When you figure the years of parenting involved with raising and teaching a child, the years of helping them with homework, of their studying, reading, not to mention if they go on an attend a college or University for higher education. Not to mention how a person matters to those around them, as far as family members, friends, wives and their children. The cost of a trained, intelligence and productive adult human being is enormous on many levels. So when you lose a person in the name of scientific achievement you have to consider that cost on top of all the other costs involved with research, development, parts, material and paying people to work on the project.
Chief Marshal Mitrofan Nedelin gave orders to use improper shutdown and control procedures on an experimental R-16 rocket. The on pad repairs being done so quickly and not following protical casued the missile’s second stage engine to fire straight onto the full propellant tanks of the still attached first stage. Marshall Nedelin was vaporized and was only identified by the remains of his uniform medals. Somewhere between 92 to 150 top Soviet military and technical personnel were killed in the resulting explosion, toxic spill and fire. This disaster happened on October 24, 1960 but was kept an official secret until 1989, and survivors of the incident were not allowed to discuss it until 1990. Officially Nedelin’s death was explained by an air plane crash. Mikhail Yangel the rockets chief designer had been trying to oust Korolev as the person responsible for the Soviet human spaceflight program. Mikhail only survived the incident because he left to have a cigarette in a bunker that was removed from the launch pad. He didn’t try to mess with Korolev throughout the rest of this period.
The Soviets officially covered up the March 23, 1961 death of cosmonaut Valentin Bondarenko from massive third degree burns from a fire in a high oxygen isolation test chamber. It didn’t come out until 1986 in a series of newspaper articles in the Izvestia. Bondarenko was 24 the youngest of the early Vostok cosmonauts. The Soviets erased all traces of Bondarenko after his death.
The United States and the Soviet Union had been rushing at full speed on the Apollo and Soyuz programs without taking heed to due diligence and the results proved fatal to both development crews on both sides.
Command pilot “Gus” Grissom, Senior pilot Ed White and pilot Roger Chaffee, the first Apollo mission crew were killed by suffocation in a cabin fire that swept through Apollo 1 during a ground test on January 27, 1967.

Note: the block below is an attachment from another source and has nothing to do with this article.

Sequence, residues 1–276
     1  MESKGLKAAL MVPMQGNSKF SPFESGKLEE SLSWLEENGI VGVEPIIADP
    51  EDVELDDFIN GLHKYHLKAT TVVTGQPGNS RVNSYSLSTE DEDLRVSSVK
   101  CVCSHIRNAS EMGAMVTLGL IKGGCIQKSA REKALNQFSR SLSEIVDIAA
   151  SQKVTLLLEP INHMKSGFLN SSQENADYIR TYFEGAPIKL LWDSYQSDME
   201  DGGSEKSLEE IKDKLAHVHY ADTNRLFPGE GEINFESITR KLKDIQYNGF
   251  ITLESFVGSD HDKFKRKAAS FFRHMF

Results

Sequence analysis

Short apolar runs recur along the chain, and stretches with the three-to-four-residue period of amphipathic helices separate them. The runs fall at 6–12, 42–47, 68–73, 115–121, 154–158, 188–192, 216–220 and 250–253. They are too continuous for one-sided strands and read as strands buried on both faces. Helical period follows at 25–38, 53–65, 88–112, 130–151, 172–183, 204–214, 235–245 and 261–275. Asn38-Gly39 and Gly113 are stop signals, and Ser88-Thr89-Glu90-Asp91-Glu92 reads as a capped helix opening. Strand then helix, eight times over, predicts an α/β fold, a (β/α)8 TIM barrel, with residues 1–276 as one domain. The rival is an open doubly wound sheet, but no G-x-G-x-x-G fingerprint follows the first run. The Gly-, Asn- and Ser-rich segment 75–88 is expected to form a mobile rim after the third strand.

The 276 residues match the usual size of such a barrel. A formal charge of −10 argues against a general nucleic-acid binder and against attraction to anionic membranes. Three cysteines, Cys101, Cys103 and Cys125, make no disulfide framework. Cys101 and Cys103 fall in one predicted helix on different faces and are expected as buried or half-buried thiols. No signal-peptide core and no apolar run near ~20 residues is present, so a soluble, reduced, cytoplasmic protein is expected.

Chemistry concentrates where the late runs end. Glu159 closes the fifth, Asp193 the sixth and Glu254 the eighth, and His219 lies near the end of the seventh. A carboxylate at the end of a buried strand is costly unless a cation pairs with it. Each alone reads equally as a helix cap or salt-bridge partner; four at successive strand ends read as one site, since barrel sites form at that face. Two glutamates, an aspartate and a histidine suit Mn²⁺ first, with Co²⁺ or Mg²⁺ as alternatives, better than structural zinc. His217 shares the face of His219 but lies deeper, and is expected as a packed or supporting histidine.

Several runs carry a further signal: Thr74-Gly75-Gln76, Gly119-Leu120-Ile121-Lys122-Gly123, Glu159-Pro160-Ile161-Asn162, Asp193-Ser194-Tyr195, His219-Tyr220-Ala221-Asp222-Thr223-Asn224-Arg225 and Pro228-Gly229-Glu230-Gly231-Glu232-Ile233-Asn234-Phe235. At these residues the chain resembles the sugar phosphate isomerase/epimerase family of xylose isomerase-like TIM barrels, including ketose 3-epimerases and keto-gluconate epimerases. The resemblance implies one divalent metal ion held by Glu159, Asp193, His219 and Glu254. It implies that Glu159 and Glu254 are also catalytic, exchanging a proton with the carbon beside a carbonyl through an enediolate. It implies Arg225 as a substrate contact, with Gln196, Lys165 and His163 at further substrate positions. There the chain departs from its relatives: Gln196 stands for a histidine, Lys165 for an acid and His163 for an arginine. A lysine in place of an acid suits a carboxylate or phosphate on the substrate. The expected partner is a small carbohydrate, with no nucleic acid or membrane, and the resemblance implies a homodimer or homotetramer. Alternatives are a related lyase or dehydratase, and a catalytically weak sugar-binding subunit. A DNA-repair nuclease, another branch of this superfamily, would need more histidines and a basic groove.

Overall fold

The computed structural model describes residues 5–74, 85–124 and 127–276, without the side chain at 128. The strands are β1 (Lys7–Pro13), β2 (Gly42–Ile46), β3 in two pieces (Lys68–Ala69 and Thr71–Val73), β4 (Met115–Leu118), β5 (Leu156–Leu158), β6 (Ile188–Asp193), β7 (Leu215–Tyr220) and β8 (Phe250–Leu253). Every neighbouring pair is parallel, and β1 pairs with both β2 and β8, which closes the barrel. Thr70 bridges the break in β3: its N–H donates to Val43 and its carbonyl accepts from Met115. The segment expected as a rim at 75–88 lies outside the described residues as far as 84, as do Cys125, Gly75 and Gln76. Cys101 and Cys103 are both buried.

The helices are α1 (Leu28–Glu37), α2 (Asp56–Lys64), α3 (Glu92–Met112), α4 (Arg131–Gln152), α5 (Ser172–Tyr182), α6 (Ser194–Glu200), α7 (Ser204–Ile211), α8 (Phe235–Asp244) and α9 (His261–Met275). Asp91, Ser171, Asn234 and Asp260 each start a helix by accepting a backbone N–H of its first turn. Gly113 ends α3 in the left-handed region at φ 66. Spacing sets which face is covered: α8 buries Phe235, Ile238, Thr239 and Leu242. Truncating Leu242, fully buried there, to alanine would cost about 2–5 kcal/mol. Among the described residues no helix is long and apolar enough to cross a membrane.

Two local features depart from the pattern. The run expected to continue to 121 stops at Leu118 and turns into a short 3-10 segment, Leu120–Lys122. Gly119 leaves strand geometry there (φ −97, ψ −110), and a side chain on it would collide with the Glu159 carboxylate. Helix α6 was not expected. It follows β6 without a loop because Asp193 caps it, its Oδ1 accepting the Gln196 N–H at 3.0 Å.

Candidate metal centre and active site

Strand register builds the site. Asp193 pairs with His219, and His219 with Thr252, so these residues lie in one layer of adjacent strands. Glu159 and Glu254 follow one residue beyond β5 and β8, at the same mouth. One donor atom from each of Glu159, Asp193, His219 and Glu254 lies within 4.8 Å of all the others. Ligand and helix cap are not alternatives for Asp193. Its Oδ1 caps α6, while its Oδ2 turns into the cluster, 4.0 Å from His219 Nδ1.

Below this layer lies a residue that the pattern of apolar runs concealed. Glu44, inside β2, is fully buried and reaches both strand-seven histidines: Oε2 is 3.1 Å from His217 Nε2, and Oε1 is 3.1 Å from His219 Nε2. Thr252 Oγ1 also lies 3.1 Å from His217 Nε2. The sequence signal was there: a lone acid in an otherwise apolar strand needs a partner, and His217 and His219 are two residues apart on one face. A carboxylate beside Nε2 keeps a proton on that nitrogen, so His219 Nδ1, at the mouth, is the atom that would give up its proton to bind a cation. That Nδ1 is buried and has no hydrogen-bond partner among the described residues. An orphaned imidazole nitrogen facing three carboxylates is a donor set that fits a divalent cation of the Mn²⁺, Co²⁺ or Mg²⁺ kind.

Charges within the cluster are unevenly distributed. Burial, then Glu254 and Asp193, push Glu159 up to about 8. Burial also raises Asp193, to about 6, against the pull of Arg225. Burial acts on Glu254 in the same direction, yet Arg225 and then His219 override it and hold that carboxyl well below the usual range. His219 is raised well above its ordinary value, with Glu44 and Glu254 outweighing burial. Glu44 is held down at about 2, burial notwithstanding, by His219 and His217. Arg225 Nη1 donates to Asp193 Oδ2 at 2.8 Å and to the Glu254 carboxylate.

On April 24, 1967, the USSR suffered the death of its first cosmonaut, Colonel Vladimir Komarov, the single pilot of Soyuz 1. This was planned to be a three-day mission to include the first Soviet docking with an unpiloted Soyuz 2, but his mission was plagued with problems. Early on his craft lacked sufficient electrical power because only one of two solar panels had deployed. Then the automatic attitude control system began malfunctioning and eventually failed completely, resulting in the craft spinning wildly. Komarov was able to stop the spin with the manual system, which was only partially effective. The flight controllers aborted his mission after only one day, and he made an emergency re-entry. During re-entry a fault in the landing parachute system caused the primary chutes to fail, and the reserve chutes tangled together. Komarov was killed on impact.
The launch vehicle for the Soviet Lunar missions, the N1 was unsuccessfully tested four times, exploding each time due to problems with the first stage's thirty engines. This was why they were launching Tortoises into space instead of cosmonauts!
Other astronauts died while training for space flight, including four Americans, Ted Freeman, Elliot See, Charlie Bassett, and Clifton Williams, who all died in crashes of T-38 aircraft. Yuri Gagarin, the first man in space, met a similar fate in 1968, when he crashed in a Mig-15 jet while training for a Soyuz mission. During the Apollo 15 mission in August 1971, the astronauts left behind a memorial in honor of all the people, both from the Soviet Union and the United States, who had perished during efforts to reach the moon. This included the Apollo 1 and Soyuz 1 crews, as well as astronauts and cosmonauts killed while in training.
In 1971, Soyuz 11 cosmonauts Georgi Dobrovolski, Viktor Patsayev and Vladislav Volkov all asphyxiated during reentry.
Lastly for the United States the Space Shuttle Challenger Disaster occurred on January 28, 1986, when 73 seconds into its flight it broke apart and disintegrated. Michael J. Smith, Dick Scobee, Ronald McNair, Ellison Onizuka, Christa McAuliffe, Gregory Jarvis, and Judith Resnick all perished in the disaster.
Personal note from the author – When considering the freedom of mankind, defending our rights as defined in the Constitution, not those imagined by ignorant sophomores, you must consider the price paid through soldiers from 1776 to date in the defense and support of our liberties and rights that are granted by God, declared by our founding fathers, and paid for by our military. The extreme cost that has already been paid to secure our freedom and liberties should never be forgotten. Whether the tyranny is cast upon us by fellow Americans (be it businesses or politicians), or foreign powers, we must defend our liberties. The tremendous price is the lives of our family members who have died in the line of duty for freedom, justice, and the American way.